According to apologists of Bashar al-Assad, and those they have managed to dupe, he has been making war for the past ten years against terrorists, and any Western attempt to engineer his ouster would be to let the terrorists win. But in fact Assad did much to help Islamic State (IS) come into being, and to keep it alive. Matthew Levitt writes:
One key tactic the Assad regime employed was to focus its military efforts against the moderate Syrian rebel groups opposing the Assad dictatorship, in particular the Free Syrian Army (FSA), and not Islamic State. . . . [Moreover], Syrian intelligence agencies were deeply involved in the Assad regime’s efforts facilitating and providing cover for the terrorist pipeline that ran through Syria into Iraq and helped build up al-Qaeda in Iraq, which later became IS. . . . In fact, this relationships [went] back to 2001-2002.
In May 2011, in the wake of some of the early Arab Spring protests in Syria, the Syrian government began to release hardline Islamist terrorists [from its prisons] in the first of a series of official government amnesties. . . . At the same time, the regime was arresting large numbers of peaceful protestors, students, and human-rights activists. Several of the terrorists released in these first amnesties went on to head Islamist extremist groups in Syria, including Islamic State.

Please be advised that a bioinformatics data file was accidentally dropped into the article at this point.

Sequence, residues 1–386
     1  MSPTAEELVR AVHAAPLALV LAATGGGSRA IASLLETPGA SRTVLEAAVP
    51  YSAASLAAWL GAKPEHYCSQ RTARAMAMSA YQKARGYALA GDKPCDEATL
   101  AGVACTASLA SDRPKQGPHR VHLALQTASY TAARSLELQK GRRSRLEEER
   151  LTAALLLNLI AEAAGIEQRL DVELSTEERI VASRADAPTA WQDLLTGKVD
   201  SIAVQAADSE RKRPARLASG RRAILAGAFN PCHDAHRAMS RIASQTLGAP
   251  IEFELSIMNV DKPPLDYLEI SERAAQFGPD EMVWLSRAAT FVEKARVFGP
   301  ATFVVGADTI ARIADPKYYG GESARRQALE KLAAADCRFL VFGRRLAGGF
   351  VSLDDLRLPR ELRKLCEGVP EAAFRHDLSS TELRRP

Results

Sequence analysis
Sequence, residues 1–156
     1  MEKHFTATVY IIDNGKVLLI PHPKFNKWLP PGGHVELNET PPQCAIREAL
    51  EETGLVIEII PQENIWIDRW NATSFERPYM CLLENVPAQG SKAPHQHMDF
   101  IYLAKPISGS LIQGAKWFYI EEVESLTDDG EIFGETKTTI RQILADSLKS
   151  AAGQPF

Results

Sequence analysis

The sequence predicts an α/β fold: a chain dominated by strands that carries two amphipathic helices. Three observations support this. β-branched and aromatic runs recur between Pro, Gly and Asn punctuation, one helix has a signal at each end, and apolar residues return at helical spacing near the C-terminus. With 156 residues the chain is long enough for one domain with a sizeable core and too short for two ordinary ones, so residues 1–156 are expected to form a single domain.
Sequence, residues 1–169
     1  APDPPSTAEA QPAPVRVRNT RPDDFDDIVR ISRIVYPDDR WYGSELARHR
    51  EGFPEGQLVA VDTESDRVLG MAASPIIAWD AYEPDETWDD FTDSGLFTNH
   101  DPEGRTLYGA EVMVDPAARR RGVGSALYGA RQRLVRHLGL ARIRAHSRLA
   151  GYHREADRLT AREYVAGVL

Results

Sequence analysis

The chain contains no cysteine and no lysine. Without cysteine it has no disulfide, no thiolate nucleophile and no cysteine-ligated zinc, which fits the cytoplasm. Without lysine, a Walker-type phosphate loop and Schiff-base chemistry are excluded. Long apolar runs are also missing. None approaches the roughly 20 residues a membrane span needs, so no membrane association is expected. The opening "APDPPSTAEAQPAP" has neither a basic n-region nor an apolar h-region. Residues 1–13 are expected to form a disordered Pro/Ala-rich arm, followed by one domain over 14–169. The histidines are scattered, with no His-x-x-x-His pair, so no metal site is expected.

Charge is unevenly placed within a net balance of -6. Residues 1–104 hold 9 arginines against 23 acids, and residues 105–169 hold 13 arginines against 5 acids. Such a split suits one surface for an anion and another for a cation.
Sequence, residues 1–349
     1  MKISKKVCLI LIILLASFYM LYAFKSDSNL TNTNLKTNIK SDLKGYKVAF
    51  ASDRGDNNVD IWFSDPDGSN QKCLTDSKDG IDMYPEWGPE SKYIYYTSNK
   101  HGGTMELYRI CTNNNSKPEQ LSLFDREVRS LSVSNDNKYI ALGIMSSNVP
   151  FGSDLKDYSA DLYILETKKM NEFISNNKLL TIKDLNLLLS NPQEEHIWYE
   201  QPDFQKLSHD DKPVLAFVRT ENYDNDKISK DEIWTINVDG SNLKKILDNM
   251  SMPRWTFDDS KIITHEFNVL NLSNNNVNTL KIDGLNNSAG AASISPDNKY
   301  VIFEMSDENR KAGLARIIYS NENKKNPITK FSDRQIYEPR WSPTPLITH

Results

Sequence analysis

One reason the Assad regime may have elected not to target Islamic State positions in eastern Syria was the regime’s business dealings with the group. The regime purchased oil from Islamic State, and bought wheat from areas under the group’s control, which IS was able to tax, thereby profiting from the transactions with the Assad regime.
While Islamic State remains an insurgent threat in Iraq and Syria, and a global threat as a terrorist network, it no longer controls significant territory and represents a fraction of the threat it once did. But there is no clear global coalition—neither political nor military—to address the threat posed by the Assad regime, which has killed exponentially more people than Islamic State, facilitated that group’s terrorist activities, and caused population displacement, migration flows, and tremendous regional instability.